Before pets can be imported to New Zealand, they need to meet health requirements. I have known about the lion example for a long time. In fact, I discussed in the original version of the pet chapter in my book. (The chapter got too long so I had to drop it.) In every case of wild chimpanzee “pet-keeping” things turned out bad for the pet, which was eventually killed. This was also the case with the lion example you sent. The sad part is that the lioness adopted half a dozen baby antelopes, all of which were eaten by other lions.
Most of the research on pet ownership and health outcomes compares pet owners with non-pet owners, but is this an appropriate comparison to make? Is there something about pet owners that is inherently different about these groups that may also affect health? In other words, can we trust research that examines pet owners and non-pet owners and then tries to make causal attributions about differences in health? According to some research, pet owners are indeed different across a wide range of variables that are also related to health; however there are only a few empirical studies that help us understand how they may be different and how large that difference may be.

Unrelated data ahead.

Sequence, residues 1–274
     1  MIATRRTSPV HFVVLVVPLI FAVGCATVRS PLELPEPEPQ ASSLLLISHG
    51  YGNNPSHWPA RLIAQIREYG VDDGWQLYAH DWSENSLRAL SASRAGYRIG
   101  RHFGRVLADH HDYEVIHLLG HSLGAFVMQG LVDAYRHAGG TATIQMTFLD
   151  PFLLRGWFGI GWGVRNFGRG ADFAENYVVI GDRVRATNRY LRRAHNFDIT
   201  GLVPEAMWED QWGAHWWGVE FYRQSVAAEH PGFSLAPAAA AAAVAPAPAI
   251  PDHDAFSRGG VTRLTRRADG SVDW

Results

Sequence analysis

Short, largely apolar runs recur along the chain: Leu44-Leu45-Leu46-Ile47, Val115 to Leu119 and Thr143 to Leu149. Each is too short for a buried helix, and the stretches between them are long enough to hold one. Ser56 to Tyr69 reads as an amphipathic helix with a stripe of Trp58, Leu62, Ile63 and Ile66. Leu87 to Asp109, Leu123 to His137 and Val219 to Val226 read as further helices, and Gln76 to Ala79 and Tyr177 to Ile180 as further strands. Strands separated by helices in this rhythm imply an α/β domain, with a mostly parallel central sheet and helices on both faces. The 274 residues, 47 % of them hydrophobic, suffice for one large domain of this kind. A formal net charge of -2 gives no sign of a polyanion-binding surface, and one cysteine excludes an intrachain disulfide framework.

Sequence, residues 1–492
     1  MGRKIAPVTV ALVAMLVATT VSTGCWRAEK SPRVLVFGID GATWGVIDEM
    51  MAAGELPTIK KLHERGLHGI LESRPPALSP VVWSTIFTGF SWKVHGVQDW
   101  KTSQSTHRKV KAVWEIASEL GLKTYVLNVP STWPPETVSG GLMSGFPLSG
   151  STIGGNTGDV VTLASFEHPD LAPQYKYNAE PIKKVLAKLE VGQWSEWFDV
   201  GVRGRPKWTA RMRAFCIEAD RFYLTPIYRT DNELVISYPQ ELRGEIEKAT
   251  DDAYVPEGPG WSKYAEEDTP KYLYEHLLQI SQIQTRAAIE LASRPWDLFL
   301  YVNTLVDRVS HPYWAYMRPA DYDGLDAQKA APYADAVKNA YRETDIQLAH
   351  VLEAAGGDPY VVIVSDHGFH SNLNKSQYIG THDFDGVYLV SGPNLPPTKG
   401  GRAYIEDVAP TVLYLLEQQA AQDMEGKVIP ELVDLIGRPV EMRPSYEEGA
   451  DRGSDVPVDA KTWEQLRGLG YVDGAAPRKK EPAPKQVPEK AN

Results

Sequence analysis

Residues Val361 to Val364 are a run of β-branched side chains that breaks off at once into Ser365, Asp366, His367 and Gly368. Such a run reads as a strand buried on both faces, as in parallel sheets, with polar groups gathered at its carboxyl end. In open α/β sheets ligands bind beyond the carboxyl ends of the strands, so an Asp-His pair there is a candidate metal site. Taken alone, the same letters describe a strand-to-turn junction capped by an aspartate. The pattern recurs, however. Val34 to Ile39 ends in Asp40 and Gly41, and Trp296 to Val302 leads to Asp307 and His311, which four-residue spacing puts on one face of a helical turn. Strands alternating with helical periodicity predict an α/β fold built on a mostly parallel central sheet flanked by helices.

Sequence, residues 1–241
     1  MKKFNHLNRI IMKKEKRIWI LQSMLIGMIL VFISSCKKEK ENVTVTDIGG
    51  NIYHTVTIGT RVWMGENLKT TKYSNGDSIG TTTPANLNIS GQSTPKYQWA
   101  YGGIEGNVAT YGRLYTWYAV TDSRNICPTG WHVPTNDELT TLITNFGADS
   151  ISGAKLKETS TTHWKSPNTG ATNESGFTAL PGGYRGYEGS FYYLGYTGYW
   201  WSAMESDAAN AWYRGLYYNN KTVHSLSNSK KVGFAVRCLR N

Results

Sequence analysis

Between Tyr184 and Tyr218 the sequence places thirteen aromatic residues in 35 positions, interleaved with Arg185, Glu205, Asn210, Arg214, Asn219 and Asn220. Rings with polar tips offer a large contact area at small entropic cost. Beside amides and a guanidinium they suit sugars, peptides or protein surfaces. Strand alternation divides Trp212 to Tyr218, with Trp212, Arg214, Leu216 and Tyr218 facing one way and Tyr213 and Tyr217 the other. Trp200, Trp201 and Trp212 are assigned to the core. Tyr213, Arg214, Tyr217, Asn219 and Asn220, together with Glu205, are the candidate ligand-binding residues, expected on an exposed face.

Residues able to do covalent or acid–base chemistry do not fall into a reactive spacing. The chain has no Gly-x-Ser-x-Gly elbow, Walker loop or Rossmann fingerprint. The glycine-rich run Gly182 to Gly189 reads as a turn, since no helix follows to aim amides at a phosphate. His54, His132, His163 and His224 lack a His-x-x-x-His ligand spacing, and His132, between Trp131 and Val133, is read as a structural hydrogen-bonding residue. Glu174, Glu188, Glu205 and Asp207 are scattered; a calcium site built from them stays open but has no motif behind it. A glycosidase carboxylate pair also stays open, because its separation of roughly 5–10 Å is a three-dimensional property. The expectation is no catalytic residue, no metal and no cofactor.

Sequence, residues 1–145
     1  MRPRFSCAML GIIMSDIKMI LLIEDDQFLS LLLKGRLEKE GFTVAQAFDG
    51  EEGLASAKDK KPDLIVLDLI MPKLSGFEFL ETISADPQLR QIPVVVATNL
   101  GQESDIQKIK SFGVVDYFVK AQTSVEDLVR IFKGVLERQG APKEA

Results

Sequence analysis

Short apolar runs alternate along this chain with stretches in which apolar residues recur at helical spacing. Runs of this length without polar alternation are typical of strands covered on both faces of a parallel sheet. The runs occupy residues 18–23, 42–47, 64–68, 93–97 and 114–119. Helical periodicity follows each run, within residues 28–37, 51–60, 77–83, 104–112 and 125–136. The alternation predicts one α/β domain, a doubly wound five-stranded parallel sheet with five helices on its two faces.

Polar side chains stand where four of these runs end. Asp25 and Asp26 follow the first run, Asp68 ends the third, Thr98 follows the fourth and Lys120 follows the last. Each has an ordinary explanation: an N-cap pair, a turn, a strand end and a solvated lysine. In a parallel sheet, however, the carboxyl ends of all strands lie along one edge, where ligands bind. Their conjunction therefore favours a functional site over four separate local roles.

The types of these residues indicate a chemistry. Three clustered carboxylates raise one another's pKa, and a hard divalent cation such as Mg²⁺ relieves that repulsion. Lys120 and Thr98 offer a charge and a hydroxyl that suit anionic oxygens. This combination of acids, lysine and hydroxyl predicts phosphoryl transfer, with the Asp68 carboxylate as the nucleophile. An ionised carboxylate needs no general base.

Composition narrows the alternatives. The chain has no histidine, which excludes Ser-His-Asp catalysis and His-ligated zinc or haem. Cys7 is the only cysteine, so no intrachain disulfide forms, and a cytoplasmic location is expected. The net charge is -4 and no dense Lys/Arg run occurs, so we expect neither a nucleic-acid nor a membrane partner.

We’ve developed a new resource to help you bring your dog to New Zealand from a “category 3” country or territory. It includes a checklist to help you ensure your dog has met the requirements. A category 3 country or territory is where rabies is either absent or well-controlled. You’ll find a list of them on page 6 of our import health standard guidance document.
Another adorable adversary, this fox looks like it jumped straight outta Pokemon. And just like a Pokemon, Fennec Foxes don’t take well … Read moreRead More →